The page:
In playing our virtual instrument, ML had to practice with the HTC Vive controllers and the position of the VRMI. The controllers were clumsy, and it is likely that ML could have better affordances with gestural control but less immersion with a loss of haptic feedback. “Expression in musical practice is inextricably tied to the touch of the performer”  To synthesise touch response, the appropriate GIVME would be to apply haptic feedback-based solutions like the Hapring. . There is a difficulty registering spasticity in hands, causing issues in recognising kinematic chains that hold interactive nodes together in hand recognition software. Spasticity is an elastic condition and the stretch reflex is dependent on temperature, emotions, fatigue and is often milder at rest. It occurs in people with Cerebral Palsy, stroke, brain injury, trauma, anorexia, post neuro-surgery, spinal cord injury, multiple sclerosis and other neurological diseases 22. A possible application for GIVME would be a user interface option to determine what part of the hand to use as a trigger. This solution targets the “GetFingerConfidence” method 23, that the camera and software employ to recognise hand shapes. The aim is to minimise the effects spasticity have on finger occlusion in the skeletal or kinematic chain. Interactions in the Oculus Quest 2 recognise the pinch movements 24 and the Magic leap headset recognises eight discrete ‘key poses’ 25. GIVMEs also may suggest applying creative and accessible alternatives for discrete hand shape interactions such as the DOTS system that uses inertial measurement unit sensors. 26 . Virtual reality hardware is reducing in cost and associated development software is free to download and learn. Advancing creative and inclusive interactions will become more popular. It might become a hot topic for exploring within open source systems.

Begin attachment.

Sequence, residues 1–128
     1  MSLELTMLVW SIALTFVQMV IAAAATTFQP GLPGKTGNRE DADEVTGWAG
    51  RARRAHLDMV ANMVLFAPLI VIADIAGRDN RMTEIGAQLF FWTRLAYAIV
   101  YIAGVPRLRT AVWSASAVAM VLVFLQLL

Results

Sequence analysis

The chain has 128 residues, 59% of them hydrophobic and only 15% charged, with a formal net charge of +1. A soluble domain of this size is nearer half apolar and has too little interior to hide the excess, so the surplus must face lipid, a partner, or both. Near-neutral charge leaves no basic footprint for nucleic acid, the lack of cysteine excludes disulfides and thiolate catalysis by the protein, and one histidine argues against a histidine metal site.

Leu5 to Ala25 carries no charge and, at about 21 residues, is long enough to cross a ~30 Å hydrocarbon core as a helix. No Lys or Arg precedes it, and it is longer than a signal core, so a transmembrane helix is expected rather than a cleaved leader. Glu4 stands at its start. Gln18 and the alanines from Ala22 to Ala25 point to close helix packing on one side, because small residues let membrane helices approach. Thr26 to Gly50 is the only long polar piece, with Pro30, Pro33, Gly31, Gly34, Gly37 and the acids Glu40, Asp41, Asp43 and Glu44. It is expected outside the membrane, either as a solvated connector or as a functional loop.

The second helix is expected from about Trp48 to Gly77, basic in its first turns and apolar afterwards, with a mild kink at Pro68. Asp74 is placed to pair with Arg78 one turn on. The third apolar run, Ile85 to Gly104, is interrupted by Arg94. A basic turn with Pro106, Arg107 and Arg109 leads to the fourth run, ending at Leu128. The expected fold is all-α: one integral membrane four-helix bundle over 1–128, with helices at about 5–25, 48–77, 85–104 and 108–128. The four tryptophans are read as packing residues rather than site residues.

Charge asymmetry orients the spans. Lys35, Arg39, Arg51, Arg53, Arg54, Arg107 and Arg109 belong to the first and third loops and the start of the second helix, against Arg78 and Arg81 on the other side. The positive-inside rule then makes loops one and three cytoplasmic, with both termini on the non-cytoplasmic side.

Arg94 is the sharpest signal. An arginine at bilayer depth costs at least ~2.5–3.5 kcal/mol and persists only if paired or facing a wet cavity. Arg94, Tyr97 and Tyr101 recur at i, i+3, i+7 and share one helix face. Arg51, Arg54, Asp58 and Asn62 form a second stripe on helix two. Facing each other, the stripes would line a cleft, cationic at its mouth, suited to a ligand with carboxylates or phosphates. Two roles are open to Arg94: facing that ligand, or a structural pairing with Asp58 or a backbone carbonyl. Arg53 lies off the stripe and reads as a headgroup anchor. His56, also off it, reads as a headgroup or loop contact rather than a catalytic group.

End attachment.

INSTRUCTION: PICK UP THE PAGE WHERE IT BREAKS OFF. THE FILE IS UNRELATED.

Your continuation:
Our study showed new affordances in VRMI while also highlighting new obstacles for the inclusive ensemble. In two years since the original process and showcase performance in 2018, immersive technology has developed its own new affordances. We propose the concept of GIVME as a flexible ethos for future design processes in accessible VRMI. As wearable haptic interfaces improve, and with the technological shift to extended reality, the potential for new GIVMEs will emerge. It is an ongoing and expansive process applying the practical ideals of Centred Control to music making environments. VRMIs designed with a GIVME approach may become more intuitive for the user and adaptive to their needs and their environment.